There are not many well-known fund managers who hail from Iran but Tony Yousefian can count himself as a name on that exclusive list. Having been sent to the UK at the age of 13 at his parents’ behest to avoid the “politics” of Iranian higher education, he began life in Britain.
“I originally came to the UK in 1974. My mum and dad sent me here because they didn’t want their children exposed to Iranian higher education, namely university, because it was nothing but politics, demonstrations and all sorts,” he says.
“The last time I was back there was in 2002.”
He admits he rarely visited home for some years after landing in the UK, largely to avoid conscription into the Iranian military.
“In Iran, one has to do national service after the age of 18 and if I had gone back they would have made me do that. It was a driver for not going back but I was also lucky that my parents came here every now and again anyway.”
The former OPM fund manager began his working life as part of life firm Pioneer Mutual selling door-to-door pension policies.
The notion of selling products was not the main focus of Yousefian’s interest, however, preferring to have a more detailed look as to what supported the products he was selling.
“What fascinated me was the investment side, not protection but where the money actually goes. What exactly happens to these funds to make them grow so much?”
The industry at the time was one which offered remarkably high inflation rates and, in hand, incredibly high gilt yields compared with today’s standards.
“We used to have books of tables which, for any given amount, you would get percentage growths. That is how we presented it to prospective clients: inflation was very high and, as a result, gilt yields were high.
“For example, 10-year gilt yields were way above 10 per cent.”
The subsequent drop in interest rates and fall in gilt yields is something Yousefian says was a big help to equity markets.
“It was a hell of a boost. Nowadays, anyone of my age finding it difficult to accept market conditions must remember how abnormal those days were. A boost to equities will only happen if inflation returns to abnormal levels.
“That is unlikely to happen again in the foreseeable future.”
The adaptation of platforms in the early-2000s enabled people such as himself, with relatively small portfolios, to compete with larger fund groups and meant distribution to a wider number of advisers was made possible.
He says: “Platforms changed things, it reduced the reliance of fund groups solely on their marketing capability and meant we could compete on a level playing field with some of the larger asset houses.”
He also pays testament to gaining exposure through the trade press, which meant he could promote his fund and firm nationally.
“We recognised that if you have a relationship with the press and get your name out there via that channel, it is a useful way to get your brand and products known by advisers.”
In recent times, Yousefian’s career has been turbulent. In August he left Charteris Treasury Portfolio Managers after just three months, leaving his £9m OPM Property fund behind him. He joined the firm in March after quitting City Financial, where he was for less than a year, taking the fund with him.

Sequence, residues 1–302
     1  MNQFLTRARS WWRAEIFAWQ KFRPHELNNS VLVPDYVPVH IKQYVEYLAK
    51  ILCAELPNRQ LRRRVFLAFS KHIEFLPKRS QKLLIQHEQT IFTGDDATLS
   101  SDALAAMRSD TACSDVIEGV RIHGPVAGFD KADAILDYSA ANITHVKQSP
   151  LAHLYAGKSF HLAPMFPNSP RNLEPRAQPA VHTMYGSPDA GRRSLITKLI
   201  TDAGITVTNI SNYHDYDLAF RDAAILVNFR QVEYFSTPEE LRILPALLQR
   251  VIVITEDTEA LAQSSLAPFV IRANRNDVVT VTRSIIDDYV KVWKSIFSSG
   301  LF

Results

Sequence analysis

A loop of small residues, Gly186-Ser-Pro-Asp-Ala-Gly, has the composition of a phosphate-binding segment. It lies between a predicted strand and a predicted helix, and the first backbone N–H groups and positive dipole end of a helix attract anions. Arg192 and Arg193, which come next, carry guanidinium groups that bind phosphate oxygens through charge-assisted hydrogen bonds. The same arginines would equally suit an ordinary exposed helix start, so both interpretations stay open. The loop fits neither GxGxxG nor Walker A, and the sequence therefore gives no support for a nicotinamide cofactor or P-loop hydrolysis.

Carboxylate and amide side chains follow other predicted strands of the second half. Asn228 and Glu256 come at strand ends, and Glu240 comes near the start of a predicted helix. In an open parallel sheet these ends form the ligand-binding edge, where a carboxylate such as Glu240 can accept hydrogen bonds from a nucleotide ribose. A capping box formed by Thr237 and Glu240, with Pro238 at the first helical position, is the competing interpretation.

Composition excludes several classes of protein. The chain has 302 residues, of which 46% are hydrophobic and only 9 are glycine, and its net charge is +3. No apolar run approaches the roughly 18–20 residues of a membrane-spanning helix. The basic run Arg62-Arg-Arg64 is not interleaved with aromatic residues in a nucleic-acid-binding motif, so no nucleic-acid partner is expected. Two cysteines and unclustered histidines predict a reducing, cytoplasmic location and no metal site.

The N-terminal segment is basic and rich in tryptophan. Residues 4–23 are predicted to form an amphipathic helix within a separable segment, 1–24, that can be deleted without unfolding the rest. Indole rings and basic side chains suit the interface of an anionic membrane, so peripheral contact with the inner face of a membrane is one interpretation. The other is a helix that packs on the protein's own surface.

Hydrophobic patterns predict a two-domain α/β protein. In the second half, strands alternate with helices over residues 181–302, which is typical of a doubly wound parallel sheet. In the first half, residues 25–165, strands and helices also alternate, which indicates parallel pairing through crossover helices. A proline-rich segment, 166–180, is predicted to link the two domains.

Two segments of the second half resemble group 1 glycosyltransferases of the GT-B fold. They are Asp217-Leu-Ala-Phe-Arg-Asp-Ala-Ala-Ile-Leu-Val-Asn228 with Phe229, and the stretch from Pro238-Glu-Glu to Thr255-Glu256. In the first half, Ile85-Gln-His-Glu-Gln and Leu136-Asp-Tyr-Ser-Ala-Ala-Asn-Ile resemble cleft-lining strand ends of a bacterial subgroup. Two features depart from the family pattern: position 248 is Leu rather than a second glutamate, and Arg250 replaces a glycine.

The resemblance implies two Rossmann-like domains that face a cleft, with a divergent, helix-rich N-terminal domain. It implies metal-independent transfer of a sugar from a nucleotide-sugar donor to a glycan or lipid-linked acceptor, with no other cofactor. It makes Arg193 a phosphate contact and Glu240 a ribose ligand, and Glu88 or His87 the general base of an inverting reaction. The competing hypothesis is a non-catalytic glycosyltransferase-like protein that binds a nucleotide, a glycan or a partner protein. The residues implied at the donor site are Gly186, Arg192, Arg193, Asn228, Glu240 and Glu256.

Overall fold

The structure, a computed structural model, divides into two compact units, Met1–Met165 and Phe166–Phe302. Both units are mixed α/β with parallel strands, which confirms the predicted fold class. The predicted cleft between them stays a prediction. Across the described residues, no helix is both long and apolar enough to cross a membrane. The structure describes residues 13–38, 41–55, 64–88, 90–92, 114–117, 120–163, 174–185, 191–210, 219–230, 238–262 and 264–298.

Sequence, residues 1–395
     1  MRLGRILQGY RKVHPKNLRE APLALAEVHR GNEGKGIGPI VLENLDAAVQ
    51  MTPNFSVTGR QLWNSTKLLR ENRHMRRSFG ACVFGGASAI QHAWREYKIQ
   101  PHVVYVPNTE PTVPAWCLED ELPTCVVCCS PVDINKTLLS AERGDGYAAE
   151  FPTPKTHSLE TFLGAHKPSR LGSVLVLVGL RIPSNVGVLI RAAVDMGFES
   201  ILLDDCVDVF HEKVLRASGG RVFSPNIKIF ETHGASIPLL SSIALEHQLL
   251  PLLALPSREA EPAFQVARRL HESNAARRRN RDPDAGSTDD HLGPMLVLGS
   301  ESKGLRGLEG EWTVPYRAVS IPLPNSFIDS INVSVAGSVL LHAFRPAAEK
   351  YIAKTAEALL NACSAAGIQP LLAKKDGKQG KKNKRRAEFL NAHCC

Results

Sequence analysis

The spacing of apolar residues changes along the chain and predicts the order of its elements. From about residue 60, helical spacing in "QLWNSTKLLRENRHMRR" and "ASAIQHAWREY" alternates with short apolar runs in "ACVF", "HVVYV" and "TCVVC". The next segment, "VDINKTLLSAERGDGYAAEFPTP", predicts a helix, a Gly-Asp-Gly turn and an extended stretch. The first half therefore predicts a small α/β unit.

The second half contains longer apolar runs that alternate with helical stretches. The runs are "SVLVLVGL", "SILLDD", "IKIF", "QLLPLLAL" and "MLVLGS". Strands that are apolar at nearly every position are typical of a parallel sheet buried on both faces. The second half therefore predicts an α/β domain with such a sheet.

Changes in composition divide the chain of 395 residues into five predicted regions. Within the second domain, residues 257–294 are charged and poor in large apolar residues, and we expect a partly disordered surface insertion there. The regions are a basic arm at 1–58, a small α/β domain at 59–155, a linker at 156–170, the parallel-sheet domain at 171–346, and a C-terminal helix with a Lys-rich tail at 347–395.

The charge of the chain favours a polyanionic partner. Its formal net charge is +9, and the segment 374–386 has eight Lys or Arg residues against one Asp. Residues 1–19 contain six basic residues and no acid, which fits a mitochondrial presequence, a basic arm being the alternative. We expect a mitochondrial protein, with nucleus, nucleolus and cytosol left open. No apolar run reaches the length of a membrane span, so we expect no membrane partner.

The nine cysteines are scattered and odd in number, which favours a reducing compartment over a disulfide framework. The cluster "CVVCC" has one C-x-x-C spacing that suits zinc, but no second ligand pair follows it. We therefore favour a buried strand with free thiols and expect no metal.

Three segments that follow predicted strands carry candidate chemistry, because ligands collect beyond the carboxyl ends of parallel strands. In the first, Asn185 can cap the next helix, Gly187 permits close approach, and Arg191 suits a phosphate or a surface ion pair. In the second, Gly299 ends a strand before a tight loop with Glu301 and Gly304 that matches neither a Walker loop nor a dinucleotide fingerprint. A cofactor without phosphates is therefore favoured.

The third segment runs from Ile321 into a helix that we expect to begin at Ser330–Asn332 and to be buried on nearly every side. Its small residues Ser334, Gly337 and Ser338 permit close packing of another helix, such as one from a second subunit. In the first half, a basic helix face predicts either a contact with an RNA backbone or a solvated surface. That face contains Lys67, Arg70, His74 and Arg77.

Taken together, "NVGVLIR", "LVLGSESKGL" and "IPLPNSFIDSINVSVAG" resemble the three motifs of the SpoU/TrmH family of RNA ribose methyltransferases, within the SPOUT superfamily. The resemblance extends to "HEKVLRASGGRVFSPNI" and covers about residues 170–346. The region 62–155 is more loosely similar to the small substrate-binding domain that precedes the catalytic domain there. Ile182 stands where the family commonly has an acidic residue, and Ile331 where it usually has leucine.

However, he is relatively coy on his Charteris departure.
“I went across to Charteris with the fund but it became clear we were not of the same mind and it was best to part company. I really just wanted some time to think of my options.”
At the time, he consulted legal advice over the nature of his departure, something which as yet remains unresolved.
Yousefian is based in Norwich and counts himself as an adopted Norwich City fan. “Having lived in Norwich for so many years, there’s no other club close by. You don’t want to be supporting Ipswich. I now have two season tickets down at Carrow Road, which are often used by my sons when they are back home from London.”
The fund manager is currently happy with the state of play in his career, having joined fund research firm Albemarle Street Partners as a consultant last month.
“I sit and wait at the moment. I have irons in the fire but I am very open-minded. I have run private portfolios and funds which have had specific mandates but I have also run private client portfolios on international business where you need ability to run most asset classes.
“If I can see a way of being involved with that side of the industry again I will certainly be willing to have conversations. But I am currently more than happy to pursue opportunities with Albemarle as well. It is quite liberating at the moment. It means that when I see fund managers, I know I am actually appraising them purely, independently and genuinely with no kind of conflict.”
2010-present: 2014-present: Consultant, Albemarle Street Partners
2013-2014: Fund manager, City Financial Investment Company
1997-2013: Chief investment officer, OPM Fund Management
1993-1997: Director, Steve Turton Financial Services
1985-1997: Partner, Pride Consultants
1982-1985: Sales associate, Pioneer Mutual Insurance Company
What’s the best bit of advice you’ve received in your career?
When I started at Pioneer Mutual, my area sales manager used to say: “Look after your clients, my lad, and they will look after you.”
What keeps you awake at night?
Apart from Mrs Y snoring, it is the way international powers are using religious extremists to fight their battles for them.
What has had the most significant impact on advice in the past year?
The RDR. Finally, our industry is beginning to be recognised as a profession.
If I was put in charge of the FCA for a day I would…
Make sure practitioners with experience of our industry are in charge of compliance and monitoring.
Any advice for new advisers?
Remember it is your long-term views that make money but the short- and medium-term ones that keep you afloat.